Four Stories About Water opens with a waterfall of people who reveal the scope of water contamination problems on Navajo lands, from the health problems that were likely caused by uranium tailings left uncovered to the view of water as “a spiritual element” to the fact that 30% of the Navajo people don’t have access to safe water.
In Story #1: Uranium: The Discovery, Bronco Martinez tells how his grandfather discovered strange rocks that he took to Santa Fe for testing. Uranium mining began not long after that and continued until mining companies had extracted four million tons. Now health studies are underway and the Environmental Protection Agency is trying to help clean up the worst of the 520 mine sites.
Story #2: Prairie Dogs opens with the view that once humans disturb the earth to gather a substance like uranium, it’s difficult to find a safe place to put the tailings. Edith Hood points out the barren land where she has lived her life, an area so contaminated from uranium mining that all the topsoil had to be carted off. Mary Helen Begay has a sweeping view of Monument Valley from her home, but she fears for her grandchildren who play in the runoff from the Skyline Mine. The EPA’s Clancy Tenley talks about how the agency plans to haul the tailings from that mine back up to the top of the mesa and encapsulate it in cement. Robinson Kelly and Louise Nelson tell the dramatic story of the day uranium tailings spilled into the Rio Puerco, leaving a trail of death and illness among the people and deformities in the next generation of sheep and cows.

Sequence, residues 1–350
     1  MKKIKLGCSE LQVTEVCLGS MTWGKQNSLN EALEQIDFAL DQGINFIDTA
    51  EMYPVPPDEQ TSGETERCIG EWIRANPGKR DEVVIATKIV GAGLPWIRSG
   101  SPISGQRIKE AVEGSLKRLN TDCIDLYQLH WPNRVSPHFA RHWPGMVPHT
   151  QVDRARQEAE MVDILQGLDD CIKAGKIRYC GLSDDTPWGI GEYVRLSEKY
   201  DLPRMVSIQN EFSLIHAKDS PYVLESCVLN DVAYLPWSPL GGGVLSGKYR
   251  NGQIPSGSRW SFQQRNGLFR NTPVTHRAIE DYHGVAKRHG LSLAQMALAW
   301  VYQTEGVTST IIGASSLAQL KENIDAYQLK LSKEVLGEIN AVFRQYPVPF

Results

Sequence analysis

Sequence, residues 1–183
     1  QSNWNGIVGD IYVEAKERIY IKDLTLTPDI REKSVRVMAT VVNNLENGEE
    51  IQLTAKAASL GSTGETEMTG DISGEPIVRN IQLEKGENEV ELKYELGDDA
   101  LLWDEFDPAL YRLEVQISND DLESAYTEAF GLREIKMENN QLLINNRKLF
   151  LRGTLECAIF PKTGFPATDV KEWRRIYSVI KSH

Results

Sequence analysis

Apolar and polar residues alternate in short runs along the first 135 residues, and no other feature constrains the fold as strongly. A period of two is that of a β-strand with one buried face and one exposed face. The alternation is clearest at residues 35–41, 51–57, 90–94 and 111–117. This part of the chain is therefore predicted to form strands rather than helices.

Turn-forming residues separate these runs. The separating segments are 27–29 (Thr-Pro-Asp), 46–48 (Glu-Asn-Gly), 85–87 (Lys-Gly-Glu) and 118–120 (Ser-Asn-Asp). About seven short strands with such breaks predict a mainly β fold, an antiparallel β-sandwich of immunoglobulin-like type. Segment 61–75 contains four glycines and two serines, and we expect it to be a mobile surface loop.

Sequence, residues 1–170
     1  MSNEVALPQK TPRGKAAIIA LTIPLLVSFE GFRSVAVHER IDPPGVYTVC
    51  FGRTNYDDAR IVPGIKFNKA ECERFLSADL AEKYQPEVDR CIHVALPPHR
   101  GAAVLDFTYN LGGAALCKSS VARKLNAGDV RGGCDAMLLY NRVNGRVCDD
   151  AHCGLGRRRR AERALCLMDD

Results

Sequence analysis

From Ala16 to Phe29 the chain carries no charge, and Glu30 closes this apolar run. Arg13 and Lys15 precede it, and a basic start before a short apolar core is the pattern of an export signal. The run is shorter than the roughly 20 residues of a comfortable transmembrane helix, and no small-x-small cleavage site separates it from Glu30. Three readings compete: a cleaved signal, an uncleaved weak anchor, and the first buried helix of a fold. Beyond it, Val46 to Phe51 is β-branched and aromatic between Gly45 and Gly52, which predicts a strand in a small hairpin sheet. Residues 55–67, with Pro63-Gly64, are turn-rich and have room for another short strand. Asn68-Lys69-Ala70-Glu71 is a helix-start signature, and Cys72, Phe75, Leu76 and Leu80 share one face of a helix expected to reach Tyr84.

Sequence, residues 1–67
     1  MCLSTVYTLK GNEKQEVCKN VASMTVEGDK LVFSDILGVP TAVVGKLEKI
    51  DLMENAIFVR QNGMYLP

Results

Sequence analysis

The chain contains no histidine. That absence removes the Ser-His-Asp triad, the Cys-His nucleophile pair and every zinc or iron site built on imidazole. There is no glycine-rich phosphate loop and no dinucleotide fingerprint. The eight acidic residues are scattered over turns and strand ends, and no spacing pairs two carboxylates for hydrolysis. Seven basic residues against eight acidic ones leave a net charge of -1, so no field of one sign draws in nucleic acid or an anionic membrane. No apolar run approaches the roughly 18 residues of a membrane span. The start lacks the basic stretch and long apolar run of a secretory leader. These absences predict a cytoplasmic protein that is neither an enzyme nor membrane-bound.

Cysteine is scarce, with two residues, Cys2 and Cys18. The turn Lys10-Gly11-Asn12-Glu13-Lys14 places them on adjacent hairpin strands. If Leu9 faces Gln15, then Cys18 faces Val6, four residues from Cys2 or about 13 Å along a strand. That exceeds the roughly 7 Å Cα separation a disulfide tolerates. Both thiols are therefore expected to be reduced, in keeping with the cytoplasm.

In Story #3: Thirsty Horses, Davis Filfred talks about seeing water contaminated by petroleum drilling. Perry Charlie asks what the horses will drink once more wells are shut down. And Hoskie Largo notes that many people in his district have to haul water for their families.
Story #4: Water for Friends follows the dusty roads that Milton Yazzie and his mother take to deliver water to their neighbors so that people won’t have to drink water contaminated by naturally occurring arsenic. Navajo educator David Begay recommends that his people continue to respect water as this may lead to better times while Hertha Woody hopes that other tribes will not face the same mining legacy and health problems that the Navajo have endured.
Four Stories About Water is mostly in Navajo with English subtitles.
|Director||Deborah Begel, David Lindblom|